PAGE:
All of this said, betting against the Hong Kong dollar is no easy task; it foiled George Soros in 1998 and has tripped up many a hedge fund since. And the peg is useful to China, so one can expect Beijing to serve as its ultimate backstop. At the same time, the current squeeze is sufficient to create market jitters; could catalyze some creative monetary policy from both Hong Kong and Beijing; and may also reflect similar pressures on the mainland.

Monthly Change in Hong Kong Foreign Currency Reserves (Billions USD)

Source: Hong Kong Monetary Authority

…And Crypto More than Waivers

Speaking of currencies, this week has seen a massive crypto crash. Bitcoin hit a ten-month low; hundreds of billions of dollars in stock-market wealth have been destroyed over the past days by crypto alone; observers are likening the debacle to the dot-com bubble of the 1990s. Nowhere is the fall more evident than in the case of Terra (UST), a stablecoin that was pegged to the US dollar, which proved not to be so stable this week. UST is essentially backed by a sister cryptocurrency, Luna, issued by the same firm (in a logic that we will not attempt to explain – because, for all the elaborate acrobatics in which it is framed, it makes no sense). Luna’s value started to slide this week. It dragged Terra with it; both quickly entered a “death spiral,” losing some 99 percent of their value. The big question: Is this the moment when everyone discovers that the emperor has no clothes – or is this emperor too big to fail? And if this really is a dot-com bubble redux, will there be an Amazon that rises from the ashes?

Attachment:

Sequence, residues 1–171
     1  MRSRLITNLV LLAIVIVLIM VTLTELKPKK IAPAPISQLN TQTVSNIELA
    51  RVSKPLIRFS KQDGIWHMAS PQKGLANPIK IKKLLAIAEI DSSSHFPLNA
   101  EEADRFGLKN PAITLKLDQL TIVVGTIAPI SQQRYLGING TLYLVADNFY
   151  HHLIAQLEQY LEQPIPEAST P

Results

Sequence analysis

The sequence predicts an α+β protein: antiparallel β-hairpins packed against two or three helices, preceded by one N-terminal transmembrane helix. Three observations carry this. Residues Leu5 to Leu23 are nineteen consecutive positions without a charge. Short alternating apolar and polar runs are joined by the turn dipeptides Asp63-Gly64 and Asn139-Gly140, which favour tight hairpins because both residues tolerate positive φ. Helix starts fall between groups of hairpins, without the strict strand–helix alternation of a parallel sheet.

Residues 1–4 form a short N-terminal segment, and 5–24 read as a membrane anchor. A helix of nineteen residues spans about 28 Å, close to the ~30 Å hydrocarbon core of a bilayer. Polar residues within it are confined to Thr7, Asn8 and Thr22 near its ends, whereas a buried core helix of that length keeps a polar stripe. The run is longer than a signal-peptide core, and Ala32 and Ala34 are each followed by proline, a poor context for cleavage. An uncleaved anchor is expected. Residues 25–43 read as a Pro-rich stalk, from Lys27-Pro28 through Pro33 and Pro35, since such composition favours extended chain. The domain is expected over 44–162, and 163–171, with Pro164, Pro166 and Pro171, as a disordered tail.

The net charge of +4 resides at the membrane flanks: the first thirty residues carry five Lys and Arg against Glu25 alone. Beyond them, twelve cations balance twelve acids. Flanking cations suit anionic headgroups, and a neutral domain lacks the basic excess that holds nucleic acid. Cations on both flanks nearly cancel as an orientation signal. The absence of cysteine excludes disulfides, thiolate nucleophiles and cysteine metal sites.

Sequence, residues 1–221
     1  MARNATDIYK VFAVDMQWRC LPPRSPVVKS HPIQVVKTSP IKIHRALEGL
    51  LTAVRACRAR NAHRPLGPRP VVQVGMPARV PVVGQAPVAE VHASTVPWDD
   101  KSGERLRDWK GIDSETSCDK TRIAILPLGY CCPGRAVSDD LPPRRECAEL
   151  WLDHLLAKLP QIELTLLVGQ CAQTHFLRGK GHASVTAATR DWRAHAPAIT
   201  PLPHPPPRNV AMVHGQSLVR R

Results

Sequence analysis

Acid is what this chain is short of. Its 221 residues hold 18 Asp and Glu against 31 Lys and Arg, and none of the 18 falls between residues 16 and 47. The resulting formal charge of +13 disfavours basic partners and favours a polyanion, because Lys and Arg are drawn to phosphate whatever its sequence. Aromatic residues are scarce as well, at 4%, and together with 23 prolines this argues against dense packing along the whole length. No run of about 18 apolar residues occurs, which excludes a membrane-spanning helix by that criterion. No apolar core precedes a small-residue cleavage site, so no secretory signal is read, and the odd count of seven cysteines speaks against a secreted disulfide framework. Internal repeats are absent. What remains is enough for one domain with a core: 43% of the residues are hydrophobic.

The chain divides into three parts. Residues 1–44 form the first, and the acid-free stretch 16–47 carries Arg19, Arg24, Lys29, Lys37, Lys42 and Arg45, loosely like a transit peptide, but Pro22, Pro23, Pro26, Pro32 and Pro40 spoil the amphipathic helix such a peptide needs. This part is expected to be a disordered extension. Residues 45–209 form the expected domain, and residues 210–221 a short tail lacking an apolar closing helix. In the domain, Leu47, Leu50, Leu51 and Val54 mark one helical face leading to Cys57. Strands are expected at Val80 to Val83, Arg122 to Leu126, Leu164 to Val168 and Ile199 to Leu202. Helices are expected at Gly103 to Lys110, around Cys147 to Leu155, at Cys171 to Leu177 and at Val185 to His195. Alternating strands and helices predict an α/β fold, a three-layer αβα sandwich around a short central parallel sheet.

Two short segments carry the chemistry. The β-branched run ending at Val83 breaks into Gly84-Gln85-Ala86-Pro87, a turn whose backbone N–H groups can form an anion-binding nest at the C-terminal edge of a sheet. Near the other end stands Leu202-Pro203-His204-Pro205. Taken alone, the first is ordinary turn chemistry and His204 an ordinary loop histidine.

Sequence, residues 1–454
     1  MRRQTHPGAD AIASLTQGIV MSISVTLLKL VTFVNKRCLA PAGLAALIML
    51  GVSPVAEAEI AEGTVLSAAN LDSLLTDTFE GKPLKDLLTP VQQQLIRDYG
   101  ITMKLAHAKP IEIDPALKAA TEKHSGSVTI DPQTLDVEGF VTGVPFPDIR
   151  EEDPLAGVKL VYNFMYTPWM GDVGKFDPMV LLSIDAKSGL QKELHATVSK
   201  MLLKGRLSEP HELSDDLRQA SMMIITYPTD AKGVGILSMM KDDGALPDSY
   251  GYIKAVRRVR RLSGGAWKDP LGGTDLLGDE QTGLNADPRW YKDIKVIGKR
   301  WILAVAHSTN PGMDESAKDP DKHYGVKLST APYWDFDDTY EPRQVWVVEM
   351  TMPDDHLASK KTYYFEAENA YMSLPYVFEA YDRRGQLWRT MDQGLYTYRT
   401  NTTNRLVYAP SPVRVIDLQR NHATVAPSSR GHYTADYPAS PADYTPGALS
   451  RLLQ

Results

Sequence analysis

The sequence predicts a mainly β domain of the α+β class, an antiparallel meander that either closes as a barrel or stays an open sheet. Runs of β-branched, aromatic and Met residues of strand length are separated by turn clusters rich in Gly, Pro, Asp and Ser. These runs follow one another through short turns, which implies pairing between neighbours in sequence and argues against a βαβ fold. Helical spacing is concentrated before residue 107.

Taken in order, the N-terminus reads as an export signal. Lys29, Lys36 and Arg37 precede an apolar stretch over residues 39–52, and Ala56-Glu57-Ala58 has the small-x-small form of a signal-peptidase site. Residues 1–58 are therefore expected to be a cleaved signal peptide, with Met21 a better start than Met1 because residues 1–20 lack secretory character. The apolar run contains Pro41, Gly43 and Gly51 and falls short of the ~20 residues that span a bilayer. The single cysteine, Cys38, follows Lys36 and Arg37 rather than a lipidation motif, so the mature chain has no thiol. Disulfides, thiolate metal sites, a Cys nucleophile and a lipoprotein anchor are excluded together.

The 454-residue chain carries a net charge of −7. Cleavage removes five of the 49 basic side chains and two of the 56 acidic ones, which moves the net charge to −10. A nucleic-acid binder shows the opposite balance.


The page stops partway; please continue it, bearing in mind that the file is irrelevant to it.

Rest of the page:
The Department of Defense Reconsiders the Definition of a “Domestic” Source

The US Defense Production Act (DPA) currently defines “domestic source” as business activities performed in, and that procure from, the US and Canada. There is now a push to extend that definition to include the UK and Australia, according to drafts of recommendations that the Department of Defense (DoD) is making to Congress. The existing definition, the DoD notes, “unnecessarily constrains DPA authorities and limits their abilities to ensure a robust industrial base.” The expanded definition would not be unprecedented: the 2017 National Defense Authorization Act broadened the definition of national technology industrial base to include the UK and Australia in addition to the US and Canada. The DoD argues that just as this earlier definitional widening allows the US to “leverage the resources of its closest allies to enrich US manufacturing and industrial base capabilities and increase the nation’s advantage in an environment of great competition,” so too would the proposed change to the DPA. It would certainly be in line with US efforts to work closely with allies and take coordinated multilateral strategic actions to secure critical supply chains.